Kabul is situated in the eastern part of the country, 1,791 meters (5,876 feet) above sea level in a narrow valley, wedged between the Hindu Kush mountains along the Kabul River. Immediately to the south of the old city are the ancient city walls and the Sher Darwaza mountain, with the Shuhadayi Salihin cemetery behind it. A bit further east is the ancient Bala Hissar fortress with the Kol-e Hasmat Khan lake behind it (Geography of Afghanistan). Its location has been described as a “bowl surrounded by mountains”. Some of the mountains (which are called koh) include: Khair Khana-e Shamali, Khwaja Rawash, Shakhi Baran Tey, Chihil Sutun, Qurugh, Khwaja Razaq and Sher Darwaza. There are also two mountains in between urban areas in western Kabul: Asamayi (also known as the Television Hill) and Ali Abad. Hills within the city (which are called tapa) include Bibi Mahro and Maranjan. The city covers an area size of 1,023 square kilometres (395 sq mi), making it by far the largest in the country. The closest foreign capital cities as the bird flies are Islamabad, Dushanbe, Tashkent, New Delhi and Bishkek. Kabul is roughly equidistant between Istanbul (western Asia) and Hanoi (eastern Asia).

Commercial area © flickr.com - Kandaray/cc-by-sa-2.0 © Danial/cc-by-sa-4.0 Kabul in a narrow valley, wedged between the Hindu Kush mountains © flickr.com - Joe Burger/cc-by-sa-2.0 Modern Kabul - panoramio.com © Masoud Akbari/cc-by-sa-3.0 National Museum of Afghanistan © Ninaras/cc-by-4.0 Shah-Do Shamshira Mosque © panoramio.com - Masoud Akbari/cc-by-sa-3.0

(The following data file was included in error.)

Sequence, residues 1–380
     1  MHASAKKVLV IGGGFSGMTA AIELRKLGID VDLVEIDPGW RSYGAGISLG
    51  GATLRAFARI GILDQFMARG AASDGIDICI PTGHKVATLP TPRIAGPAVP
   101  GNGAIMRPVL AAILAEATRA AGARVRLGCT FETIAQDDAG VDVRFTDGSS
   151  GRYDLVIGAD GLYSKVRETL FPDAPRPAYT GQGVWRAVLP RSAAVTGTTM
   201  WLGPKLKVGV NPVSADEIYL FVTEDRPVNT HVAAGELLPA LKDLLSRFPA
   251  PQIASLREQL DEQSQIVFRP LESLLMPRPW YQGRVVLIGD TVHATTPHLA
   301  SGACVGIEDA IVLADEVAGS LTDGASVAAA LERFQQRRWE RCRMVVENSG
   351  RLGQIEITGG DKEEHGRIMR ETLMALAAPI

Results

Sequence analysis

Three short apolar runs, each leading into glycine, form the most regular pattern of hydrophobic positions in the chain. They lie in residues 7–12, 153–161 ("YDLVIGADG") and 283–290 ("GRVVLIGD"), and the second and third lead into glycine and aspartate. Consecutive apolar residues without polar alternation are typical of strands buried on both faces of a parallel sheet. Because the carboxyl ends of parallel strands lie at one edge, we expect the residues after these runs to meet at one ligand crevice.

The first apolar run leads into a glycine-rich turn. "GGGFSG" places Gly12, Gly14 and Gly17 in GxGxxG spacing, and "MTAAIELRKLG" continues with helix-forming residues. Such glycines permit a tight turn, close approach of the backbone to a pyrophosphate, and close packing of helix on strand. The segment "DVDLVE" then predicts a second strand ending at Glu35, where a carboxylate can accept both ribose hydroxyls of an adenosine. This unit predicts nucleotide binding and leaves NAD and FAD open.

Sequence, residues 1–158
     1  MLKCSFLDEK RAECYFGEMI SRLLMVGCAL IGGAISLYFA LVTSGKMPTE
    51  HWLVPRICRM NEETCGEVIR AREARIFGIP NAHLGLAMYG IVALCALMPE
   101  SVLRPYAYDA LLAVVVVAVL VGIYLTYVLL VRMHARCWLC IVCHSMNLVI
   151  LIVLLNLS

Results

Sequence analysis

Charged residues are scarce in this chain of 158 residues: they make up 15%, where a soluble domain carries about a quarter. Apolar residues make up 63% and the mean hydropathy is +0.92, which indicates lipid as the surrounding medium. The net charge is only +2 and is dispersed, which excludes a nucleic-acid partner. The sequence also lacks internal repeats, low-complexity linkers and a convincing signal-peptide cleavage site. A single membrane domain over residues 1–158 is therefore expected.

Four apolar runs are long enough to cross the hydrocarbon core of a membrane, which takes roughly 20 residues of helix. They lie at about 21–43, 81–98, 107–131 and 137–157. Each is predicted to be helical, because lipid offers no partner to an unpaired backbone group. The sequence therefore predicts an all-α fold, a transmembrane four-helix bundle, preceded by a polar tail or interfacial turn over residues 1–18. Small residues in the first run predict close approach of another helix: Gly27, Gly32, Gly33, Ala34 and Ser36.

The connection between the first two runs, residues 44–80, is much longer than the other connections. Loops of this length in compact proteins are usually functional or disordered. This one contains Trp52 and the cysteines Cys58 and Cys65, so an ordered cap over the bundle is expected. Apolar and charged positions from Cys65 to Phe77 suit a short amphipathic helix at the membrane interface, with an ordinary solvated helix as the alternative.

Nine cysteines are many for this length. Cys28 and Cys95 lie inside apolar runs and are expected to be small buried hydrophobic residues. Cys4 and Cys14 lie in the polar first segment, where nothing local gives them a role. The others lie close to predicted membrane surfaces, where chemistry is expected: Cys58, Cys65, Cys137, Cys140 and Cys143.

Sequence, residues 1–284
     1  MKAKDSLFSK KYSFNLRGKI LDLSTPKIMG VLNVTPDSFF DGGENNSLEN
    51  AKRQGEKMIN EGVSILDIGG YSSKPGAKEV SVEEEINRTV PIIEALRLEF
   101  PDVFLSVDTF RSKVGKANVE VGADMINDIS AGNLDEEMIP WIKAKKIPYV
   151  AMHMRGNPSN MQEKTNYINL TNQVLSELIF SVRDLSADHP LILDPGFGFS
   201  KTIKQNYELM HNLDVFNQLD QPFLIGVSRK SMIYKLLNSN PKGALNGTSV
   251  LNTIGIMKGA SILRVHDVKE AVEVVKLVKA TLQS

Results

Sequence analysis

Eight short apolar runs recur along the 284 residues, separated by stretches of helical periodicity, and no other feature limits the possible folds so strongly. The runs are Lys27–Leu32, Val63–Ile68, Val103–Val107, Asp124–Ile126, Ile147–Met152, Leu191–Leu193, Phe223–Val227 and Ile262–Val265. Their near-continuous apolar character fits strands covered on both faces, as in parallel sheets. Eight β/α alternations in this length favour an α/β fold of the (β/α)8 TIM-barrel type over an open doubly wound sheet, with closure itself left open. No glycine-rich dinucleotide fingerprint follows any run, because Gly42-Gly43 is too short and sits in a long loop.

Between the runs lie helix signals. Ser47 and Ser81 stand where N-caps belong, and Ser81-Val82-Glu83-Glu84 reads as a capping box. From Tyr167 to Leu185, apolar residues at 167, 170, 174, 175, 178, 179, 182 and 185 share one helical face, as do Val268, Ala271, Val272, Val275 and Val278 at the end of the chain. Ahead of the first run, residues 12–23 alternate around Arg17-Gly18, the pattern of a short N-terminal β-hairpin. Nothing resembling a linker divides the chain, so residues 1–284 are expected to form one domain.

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Kabul in a narrow valley, wedged between the Hindu Kush mountains © flickr.com - Joe Burger/cc-by-sa-2.0
The Kabul River flows through the heart of the city, dividing the central bazaars. There are several bridges (pul) crossing the river, the major ones being Pul-e Shah-Do Shamshira, Pul-e Bagh-e Omomi, Pul-e Khishti, and Pul-e Mahmoud. Due to climate change, since the 21st century, the river runs dry most of the year, only filling up in the wetter winter and spring seasons. A large lake and wetland is located just to the southeast from the old city called Kol-e Hashmat Khan. The marsh provides a critical resting place to thousands of birds who fly between the Indian subcontinent and Siberia. In 2017 the government declared the lake a protected area. Some rare species of birds have been spotted at the lake, such as the Eastern imperial eagle and the Dalmatian pelican. Kabul’s other large lake is Qargha, located some 9 km northwest from the center. It is a major attraction for locals as well as foreigners. Air pollution is a major problem in the city during the winter season, when many residents burn low-quality fuels.